If an argument consists of two or more words separated by spaces, then it must be enclosed in quotes so that the system will know that it is a single argument instead of multiple arguments. Thus, the following can be used to count the numbers of words and lines in each of the two files called my file1 and my file2:

wc -wl "my file1" "my file2"

The same result is achieved using single quotes instead of double quotes, i.e.,

wc -wl 'my file1' 'my file2'

The efficiency of arguments can often be increased through the use of wildcards and other regular expressions. A wildcard is a character that is used to represent some category of character or characters in pattern matching. The wildcard with the broadest coverage and which is most commonly used is the asterisk ( * ), which stands for any combination of characters, including no characters. Its use eliminates the need to type in all the individual file names as arguments. Regular expressions are a powerful pattern matching technique that is widely used for searching for files and for data within files.

For example, to determine the total number of lines in all the html files (i.e., files that can produce web pages in a browser) in the current directory (i.e., the directory in which the user is currently working), the argument *.html can be used as follows:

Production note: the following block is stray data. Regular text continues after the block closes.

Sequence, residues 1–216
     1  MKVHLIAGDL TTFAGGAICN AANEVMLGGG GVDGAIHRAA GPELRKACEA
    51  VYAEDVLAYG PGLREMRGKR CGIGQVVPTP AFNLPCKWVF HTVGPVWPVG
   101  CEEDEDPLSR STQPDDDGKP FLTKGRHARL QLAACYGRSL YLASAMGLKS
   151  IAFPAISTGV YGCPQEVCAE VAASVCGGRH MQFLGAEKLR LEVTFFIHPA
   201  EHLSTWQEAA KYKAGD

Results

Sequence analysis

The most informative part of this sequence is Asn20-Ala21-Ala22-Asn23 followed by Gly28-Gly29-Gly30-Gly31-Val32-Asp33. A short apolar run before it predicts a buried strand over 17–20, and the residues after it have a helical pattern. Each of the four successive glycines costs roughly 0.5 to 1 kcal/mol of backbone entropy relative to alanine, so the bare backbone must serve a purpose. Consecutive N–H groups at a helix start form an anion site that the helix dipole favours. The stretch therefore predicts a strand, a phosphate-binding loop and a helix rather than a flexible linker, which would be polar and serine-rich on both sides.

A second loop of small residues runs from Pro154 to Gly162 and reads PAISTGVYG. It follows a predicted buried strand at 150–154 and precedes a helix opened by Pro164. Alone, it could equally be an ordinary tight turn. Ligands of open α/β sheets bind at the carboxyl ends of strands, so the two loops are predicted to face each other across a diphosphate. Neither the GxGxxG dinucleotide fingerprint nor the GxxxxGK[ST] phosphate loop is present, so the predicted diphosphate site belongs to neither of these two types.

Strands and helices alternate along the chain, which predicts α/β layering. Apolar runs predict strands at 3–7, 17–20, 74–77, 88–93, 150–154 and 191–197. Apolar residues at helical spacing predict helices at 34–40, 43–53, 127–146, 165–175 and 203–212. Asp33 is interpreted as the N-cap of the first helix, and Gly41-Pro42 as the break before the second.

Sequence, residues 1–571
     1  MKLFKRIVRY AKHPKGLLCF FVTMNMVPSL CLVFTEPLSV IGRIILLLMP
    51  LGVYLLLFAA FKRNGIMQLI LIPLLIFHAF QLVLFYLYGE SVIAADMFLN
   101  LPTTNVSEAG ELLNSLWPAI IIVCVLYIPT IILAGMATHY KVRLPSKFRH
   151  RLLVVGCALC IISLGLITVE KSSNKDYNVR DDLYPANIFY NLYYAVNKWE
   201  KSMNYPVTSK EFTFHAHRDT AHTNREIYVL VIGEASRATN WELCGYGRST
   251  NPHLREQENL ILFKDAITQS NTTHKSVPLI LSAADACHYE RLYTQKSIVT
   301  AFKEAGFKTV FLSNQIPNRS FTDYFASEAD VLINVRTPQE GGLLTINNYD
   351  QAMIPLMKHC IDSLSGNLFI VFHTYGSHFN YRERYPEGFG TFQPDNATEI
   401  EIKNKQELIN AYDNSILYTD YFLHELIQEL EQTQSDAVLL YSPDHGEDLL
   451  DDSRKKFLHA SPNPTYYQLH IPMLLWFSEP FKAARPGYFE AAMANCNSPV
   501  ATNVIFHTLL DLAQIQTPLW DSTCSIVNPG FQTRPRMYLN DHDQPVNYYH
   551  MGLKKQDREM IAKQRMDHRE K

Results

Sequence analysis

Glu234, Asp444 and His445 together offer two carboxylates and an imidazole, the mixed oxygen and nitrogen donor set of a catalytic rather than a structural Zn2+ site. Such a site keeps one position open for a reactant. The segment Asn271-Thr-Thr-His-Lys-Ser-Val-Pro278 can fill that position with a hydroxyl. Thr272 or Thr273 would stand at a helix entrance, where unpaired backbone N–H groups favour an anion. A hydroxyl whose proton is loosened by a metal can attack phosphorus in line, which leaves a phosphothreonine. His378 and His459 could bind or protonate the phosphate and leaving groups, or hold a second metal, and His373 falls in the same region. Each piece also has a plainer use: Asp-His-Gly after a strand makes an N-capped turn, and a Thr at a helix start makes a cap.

wc -l *.html

The number of arguments that a command can have depends on the particular command. Some commands do not accept any arguments. Other do not require any arguments but can accept them. Still others require at least one argument, and some require multiple arguments.

The clear command, which is used to remove all previous commands and output from the display screen, is one of the very few commands in Unix-like operating systems that accepts neither options nor arguments. That is, it can only be used as follows:


pwd, which stands for present working directory and tells the user the name and location of the current directory, likewise does not accept any arguments. Rather, it receives its input from the shell (a program that reads commands that are typed into a computer system and then executes them). Moreover, it only has two very basic options, --help and --version. Thus, it is almost always used just as